Please enjoy this transcript of my interview with Jannick Malling, Co-Founder & Co-CEO of Public. Transcripts for other episodes can be found here.
Transcript – #149 Jannick Malling, Co-Founder & Co-CEO of Public | Favorite Books, Lessons Learned as a Serial Founder, Superpowers, and More
Daniel Scrivner (00:00):
Jannick, I am so thrilled to finally be able to have you on. Thank you so much for spending some time and coming on with me.
Jannick Malling (00:06):
Of course, Daniel. My pleasure.
Daniel Scrivner (00:08):
So, where I wanted to start ... and this is a profile of you ... is, if you could just share a quick sketch of your background, and the super challenging way I'm going to frame this question is, the 60-second version of your story, if you can try and tell that.
Jannick Malling (00:22):
So, built my first website when I was 13 back when Adobe Flash was still cool, so I've been a tech nerd ever since, but I actually found my way into very early fintech, 10 years before fintech was even really a word; one of the sort of first online trading companies back in Europe called Saxo Bank. Started that when I was 17, so, very, very young. Which also means that I'm one of these little bit odd characters who's actually not that old, but have been in the space for decades, actually. After that, started another company which was in London, ultimately built a lot of interesting things there. We sort of started it back in '08, so it had a very turbulent start to it, but a good ending. And then moved to New York around six years ago ... right immediately after the Brexit vote, actually ... and started Public, which I'm still running as co-CEO, overseeing product design and engineering, for the most part.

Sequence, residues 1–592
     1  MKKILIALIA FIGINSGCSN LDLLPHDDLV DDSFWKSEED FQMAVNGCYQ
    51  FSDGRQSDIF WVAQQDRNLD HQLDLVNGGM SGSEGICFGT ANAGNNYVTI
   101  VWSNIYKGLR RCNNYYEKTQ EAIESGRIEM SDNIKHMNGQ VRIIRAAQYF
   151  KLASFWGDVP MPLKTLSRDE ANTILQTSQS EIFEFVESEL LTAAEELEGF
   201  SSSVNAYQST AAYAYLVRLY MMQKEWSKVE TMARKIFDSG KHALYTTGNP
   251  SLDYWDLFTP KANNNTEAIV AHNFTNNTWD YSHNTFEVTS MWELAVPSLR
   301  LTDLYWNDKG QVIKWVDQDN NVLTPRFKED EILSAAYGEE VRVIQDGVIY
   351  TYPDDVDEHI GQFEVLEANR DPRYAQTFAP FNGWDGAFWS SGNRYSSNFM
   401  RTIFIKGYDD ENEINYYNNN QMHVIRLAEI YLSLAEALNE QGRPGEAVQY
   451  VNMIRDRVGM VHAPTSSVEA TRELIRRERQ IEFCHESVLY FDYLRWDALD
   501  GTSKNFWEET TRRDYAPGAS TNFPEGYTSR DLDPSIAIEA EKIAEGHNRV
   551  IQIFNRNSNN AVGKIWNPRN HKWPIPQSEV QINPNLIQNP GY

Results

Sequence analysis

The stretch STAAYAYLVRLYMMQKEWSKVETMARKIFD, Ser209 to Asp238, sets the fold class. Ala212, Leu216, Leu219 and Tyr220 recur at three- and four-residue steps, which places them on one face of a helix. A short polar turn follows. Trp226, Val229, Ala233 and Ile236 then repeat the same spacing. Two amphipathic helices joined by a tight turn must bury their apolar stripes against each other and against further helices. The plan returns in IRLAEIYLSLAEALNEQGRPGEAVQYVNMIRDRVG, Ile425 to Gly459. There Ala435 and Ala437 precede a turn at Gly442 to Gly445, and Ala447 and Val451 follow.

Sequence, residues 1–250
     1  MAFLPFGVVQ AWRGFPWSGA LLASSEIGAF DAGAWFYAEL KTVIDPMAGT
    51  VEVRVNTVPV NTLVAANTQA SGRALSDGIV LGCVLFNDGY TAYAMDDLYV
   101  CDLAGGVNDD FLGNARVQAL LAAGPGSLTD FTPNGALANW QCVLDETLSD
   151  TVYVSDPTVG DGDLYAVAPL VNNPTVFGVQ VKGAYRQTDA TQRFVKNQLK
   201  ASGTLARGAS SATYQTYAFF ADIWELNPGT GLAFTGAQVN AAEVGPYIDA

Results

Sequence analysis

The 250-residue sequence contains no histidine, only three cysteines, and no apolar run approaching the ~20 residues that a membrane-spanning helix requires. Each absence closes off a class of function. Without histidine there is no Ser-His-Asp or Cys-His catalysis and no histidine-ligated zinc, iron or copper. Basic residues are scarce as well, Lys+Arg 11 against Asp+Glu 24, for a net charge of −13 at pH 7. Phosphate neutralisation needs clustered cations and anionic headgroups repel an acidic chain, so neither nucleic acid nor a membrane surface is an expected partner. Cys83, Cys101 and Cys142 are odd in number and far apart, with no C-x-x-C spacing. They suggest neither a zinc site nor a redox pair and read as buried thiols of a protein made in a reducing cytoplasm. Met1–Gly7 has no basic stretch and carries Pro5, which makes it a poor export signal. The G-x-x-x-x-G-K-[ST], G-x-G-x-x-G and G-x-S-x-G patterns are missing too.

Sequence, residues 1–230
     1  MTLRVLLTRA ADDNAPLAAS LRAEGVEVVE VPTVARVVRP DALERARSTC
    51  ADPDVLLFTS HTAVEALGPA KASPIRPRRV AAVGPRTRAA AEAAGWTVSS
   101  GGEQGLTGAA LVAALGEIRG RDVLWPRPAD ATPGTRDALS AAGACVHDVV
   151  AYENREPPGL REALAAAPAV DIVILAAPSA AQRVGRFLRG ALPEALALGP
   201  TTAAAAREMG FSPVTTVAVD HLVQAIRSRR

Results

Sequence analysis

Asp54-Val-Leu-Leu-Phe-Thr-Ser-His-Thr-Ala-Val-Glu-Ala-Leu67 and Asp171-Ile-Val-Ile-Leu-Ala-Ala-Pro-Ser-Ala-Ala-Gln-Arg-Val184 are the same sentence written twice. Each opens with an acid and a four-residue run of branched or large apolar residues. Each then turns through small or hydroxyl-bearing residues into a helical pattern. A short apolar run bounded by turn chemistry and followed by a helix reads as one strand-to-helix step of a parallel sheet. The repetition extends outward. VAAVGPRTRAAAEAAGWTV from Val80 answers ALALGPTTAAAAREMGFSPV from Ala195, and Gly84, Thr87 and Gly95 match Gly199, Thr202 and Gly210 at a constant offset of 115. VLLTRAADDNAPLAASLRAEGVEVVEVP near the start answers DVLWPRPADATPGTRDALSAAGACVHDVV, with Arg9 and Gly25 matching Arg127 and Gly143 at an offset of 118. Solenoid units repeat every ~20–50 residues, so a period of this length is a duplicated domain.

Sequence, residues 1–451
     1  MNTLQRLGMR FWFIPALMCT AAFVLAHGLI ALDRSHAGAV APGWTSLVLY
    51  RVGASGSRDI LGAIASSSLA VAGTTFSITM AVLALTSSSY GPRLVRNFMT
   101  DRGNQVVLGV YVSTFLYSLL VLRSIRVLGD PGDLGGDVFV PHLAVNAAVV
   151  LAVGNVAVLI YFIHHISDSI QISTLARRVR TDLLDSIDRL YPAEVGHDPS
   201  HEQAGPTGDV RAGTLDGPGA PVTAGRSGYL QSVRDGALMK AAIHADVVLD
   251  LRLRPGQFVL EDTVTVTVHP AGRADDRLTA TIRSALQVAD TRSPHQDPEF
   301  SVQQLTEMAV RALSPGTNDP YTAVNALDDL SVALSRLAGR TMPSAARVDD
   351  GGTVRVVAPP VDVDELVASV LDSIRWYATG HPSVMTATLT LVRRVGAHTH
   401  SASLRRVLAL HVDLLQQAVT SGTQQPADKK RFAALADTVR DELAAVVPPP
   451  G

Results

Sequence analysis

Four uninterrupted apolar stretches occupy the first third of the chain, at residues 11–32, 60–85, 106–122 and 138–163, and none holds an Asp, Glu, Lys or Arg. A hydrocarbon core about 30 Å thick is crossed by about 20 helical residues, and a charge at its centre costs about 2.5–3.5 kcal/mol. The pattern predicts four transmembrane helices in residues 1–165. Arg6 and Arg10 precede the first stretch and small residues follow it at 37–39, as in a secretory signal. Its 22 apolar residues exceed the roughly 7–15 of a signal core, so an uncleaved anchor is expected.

Daniel Scrivner (01:24):